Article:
UK - There has been a step-change in the levels of directors' pay and incentives at FTSE100 companies, with base salaries for executive directors rising by 12.8% in 2001, according to Pensions Investment Research Consultants' (PIRC) latest corporate governance review.
The review analyses corporate governance structures, remuneration packages and proxy voting among 547 of the UK’s largest companies.
Another notable discovery is that most companies have changed to making annual share option awards based on a multiple of base salary, most often awarding options worth two times salary per year.
Commenting on the share option awards, PIRC research director Stuart Bell said: “Basing share awards on ever-increasing annual salary creates a powerful multiplier effect which has the potential to create a boardroom pay explosion in the coming years.
“Directors’ pay will soon have to be approved by shareholders at AGMs so they will have a powerful new tool to hold directors accountable. The question is whether and how this tool will be used”.
Other findings include:
-Of the 51 voting amendments which increased the level of awards which may be made to participants, only 24% incorporated a strengthening of performance targets to balance the increased rewards.
-Average executive director salaries have risen by 3.4% in the MidCap and 5.4% in the SmallCap sector. Including cash bonuses and benefits, average total cash remuneration increased by 20.2% in the FTSE100, by 10.2% in the MidCap and by 0.2% in the SmallCap.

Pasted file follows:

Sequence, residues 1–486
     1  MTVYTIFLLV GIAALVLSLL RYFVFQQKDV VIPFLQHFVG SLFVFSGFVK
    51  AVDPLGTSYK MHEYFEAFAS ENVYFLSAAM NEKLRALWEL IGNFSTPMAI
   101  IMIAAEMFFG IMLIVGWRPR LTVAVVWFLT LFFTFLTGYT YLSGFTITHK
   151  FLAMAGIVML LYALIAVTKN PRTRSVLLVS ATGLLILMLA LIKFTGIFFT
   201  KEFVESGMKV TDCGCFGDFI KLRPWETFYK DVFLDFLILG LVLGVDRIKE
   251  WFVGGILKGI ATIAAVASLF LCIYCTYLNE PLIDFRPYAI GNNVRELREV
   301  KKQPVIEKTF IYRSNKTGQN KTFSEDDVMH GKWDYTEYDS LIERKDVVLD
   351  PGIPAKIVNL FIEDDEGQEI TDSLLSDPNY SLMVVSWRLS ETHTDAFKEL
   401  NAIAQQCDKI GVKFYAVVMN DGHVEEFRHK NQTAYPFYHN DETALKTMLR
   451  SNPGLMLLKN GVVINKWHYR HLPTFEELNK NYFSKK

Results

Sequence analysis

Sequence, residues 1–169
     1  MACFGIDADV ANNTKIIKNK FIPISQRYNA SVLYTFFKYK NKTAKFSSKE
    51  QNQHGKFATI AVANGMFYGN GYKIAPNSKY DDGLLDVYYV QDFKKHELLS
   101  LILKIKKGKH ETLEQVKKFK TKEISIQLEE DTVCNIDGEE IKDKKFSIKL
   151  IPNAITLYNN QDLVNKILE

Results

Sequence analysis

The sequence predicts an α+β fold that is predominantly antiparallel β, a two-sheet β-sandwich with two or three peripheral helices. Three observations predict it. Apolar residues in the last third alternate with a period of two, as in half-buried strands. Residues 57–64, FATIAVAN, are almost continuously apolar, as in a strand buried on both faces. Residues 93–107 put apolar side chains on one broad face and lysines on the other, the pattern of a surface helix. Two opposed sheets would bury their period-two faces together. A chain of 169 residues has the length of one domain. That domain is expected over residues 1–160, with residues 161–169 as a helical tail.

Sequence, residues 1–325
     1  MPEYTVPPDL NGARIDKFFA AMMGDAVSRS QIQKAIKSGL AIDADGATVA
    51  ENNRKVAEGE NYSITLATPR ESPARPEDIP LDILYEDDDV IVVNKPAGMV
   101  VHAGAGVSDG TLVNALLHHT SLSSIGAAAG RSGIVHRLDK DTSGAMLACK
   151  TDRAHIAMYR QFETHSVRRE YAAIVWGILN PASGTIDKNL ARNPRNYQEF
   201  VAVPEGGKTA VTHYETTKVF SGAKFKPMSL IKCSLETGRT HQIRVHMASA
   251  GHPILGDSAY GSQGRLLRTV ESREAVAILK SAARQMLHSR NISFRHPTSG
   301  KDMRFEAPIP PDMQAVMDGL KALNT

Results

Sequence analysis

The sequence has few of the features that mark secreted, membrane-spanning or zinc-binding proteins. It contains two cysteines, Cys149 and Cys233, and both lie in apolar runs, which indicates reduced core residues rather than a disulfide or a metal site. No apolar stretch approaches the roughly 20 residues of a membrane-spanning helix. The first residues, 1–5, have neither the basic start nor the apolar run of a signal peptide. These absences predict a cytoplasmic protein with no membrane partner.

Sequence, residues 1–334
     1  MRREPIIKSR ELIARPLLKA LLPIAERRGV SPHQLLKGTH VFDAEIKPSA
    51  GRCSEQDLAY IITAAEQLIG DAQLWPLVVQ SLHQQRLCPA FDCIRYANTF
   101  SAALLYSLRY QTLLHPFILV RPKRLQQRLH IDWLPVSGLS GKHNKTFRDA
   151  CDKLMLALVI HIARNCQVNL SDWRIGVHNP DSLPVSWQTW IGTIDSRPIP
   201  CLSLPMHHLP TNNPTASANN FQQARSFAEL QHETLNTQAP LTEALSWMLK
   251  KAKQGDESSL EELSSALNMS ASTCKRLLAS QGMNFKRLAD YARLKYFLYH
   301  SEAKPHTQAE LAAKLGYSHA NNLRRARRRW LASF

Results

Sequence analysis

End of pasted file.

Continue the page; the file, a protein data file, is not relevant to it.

-Only 28% of companies state that they fully comply with all the corporate governance code’s provisions. PIRC’s assessment is that 20% of companies comply.
-Only 65% of companies have a contracts policy of no longer than one year (up from 57%), and 81% have a fully independent remuneration committee (up from 74%).
-Only 88% companies separate their chairman and chief executive roles. 84% do not have three non-executives comprising at least a third of the board, a majority of whom are independent.
-7% of PIRC’s sample contain no independent directors, using the body’s assessment of independence. Looking at independence among non-executives, only 65% of companies have a majority of independent directors among their non-executive directors.
-After several stable years, average audit fees increased by 25% in the FTSE100.
-Non-audit fees grew by 35% in the FTSE100 and 27% in the MidCap. Within the FTSE100, the average company pays 2.8 times more in non-audit fees than in audit. Ratios of audit to non-audit fees are lower among smaller companies but have also shown significant growth.
-In terms of proxy voting, 51.4% of shares voted on average in the FTSE All Share Index. -Voting turnout at FTSE350 companies was slightly worse at 49%. Eleven FTSE100 companies had turnouts of less than 40% and three registered turnouts of less than 20%.
-Half of the resolutions with the largest oppose votes related either to share option schemes, directors’ contracts, remuneration policy or other pay issues.
PIRC MD Alan MacDougall, said “We detect an increase in activism among those institutions that do vote and a deepening frustration about levels of boardroom pay. This issue seems set to dominate next year’s annual meetings once again”.
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